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Biden Should Rewrite a Pakistan Policy

birlikte yaşadığı günden beri kendisine arkadaşları hep ezik sikiş ve süzük gibi lakaplar takılınca dışarıya bile çıkmak porno istemeyen genç adam sürekli evde zaman geçirir Artık dışarıdaki sikiş yaşantıya kendisini adapte edemeyeceğinin farkında olduğundan sex gif dolayı hayatını evin içinde kurmuştur Fakat babası çok hızlı sikiş bir adam olduğundan ve aşırı sosyalleşebilen bir karaktere sahip porno resim oluşundan ötürü öyle bir kadınla evlenmeye karar verir ki evleneceği sikiş kadının ateşi kendisine kadar uzanıyordur Bu kadar seksi porno ve çekici milf üvey anneye sahip olduğu için şanslı olsa da her gece babasıyla sikiş seks yaparken duyduğu seslerden artık rahatsız oluyordu Odalarından sex izle gelen inleme sesleri ve yatağın gümbürtüsünü duymaktan dolayı kusacak sikiş duruma gelmiştir Her gece yaşanan bu ateşli sex dakikalarından dolayı hd porno canı sıkılsa da kendisi kimseyi sikemediği için biraz da olsa kıskanıyordu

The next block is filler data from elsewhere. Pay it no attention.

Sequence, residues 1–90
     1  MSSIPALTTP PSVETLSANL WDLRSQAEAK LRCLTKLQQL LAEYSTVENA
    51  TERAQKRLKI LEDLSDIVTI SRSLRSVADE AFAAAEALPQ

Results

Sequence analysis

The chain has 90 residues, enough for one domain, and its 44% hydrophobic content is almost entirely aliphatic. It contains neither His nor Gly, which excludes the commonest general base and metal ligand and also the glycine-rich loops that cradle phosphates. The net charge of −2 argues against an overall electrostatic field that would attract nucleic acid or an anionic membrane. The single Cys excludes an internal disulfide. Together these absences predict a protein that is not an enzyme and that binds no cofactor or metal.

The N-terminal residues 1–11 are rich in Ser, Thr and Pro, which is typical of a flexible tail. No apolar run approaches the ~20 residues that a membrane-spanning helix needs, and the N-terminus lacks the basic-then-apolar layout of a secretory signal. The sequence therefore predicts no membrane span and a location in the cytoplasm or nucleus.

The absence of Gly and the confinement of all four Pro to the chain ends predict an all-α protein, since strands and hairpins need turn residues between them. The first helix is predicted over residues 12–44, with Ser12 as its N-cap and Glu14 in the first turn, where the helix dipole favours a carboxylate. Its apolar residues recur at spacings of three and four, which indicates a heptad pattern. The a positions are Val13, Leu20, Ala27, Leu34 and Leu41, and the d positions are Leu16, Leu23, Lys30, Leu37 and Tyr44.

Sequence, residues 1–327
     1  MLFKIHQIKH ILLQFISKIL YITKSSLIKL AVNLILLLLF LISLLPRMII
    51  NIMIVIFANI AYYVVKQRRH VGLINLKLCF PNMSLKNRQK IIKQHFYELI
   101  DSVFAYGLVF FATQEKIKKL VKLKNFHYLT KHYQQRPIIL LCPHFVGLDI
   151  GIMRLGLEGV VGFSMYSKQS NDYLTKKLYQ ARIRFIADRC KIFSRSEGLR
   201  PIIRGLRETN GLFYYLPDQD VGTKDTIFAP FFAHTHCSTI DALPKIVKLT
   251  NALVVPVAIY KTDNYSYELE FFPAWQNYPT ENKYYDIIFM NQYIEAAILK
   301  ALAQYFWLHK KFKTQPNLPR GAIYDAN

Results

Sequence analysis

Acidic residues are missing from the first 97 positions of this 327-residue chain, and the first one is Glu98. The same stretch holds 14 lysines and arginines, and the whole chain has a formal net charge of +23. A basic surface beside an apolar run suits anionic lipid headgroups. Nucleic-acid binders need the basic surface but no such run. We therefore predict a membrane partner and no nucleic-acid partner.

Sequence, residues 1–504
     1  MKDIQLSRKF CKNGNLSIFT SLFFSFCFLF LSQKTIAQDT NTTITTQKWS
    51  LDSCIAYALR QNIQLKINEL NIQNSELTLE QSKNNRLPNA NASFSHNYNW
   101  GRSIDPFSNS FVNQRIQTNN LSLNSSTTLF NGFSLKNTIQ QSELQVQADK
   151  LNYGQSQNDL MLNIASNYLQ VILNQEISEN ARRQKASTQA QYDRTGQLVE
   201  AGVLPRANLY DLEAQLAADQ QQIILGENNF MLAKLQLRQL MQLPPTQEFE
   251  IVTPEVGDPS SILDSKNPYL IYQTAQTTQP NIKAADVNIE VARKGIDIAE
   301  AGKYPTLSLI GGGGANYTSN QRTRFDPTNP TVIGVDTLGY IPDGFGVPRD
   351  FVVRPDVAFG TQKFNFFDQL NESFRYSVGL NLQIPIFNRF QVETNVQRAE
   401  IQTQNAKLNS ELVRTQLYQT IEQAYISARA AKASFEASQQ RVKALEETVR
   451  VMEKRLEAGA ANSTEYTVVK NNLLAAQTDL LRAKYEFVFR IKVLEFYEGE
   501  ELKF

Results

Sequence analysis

The new administration must take a leap forward in cementing People’s centric profiles with Pakistan

Pakistan has been obsessed with the United States for the last seven decades. Washington, in reciprocity, hardly has a bilateral policy towards Islamabad. It is an antithesis of our myopic foreign policy that the United States had always viewed Pakistan through the ‘third’ lens. Be it: the erstwhile Cold War; Afghanistan, India or China! Pakistan couldn’t graduate itself from being a client state and had done everything within its means to appease and protect the interests of the lone superpower.

That should change for good now, at least, under the administration of President Joseph (Joe) Biden.

He is articulate to the core and understands not only the volatile region of South Asia, but has always expressed a special liking for Pakistan.

The versatile foreign affairs expert and a shrewd legislator that he is, Biden has off-and-on made it clear that Pakistan’s strategic concerns mean a lot to the United States — and can’t be ignored at the premise of playing to the gallery. The Kerry-Lugar Bill is a case in point.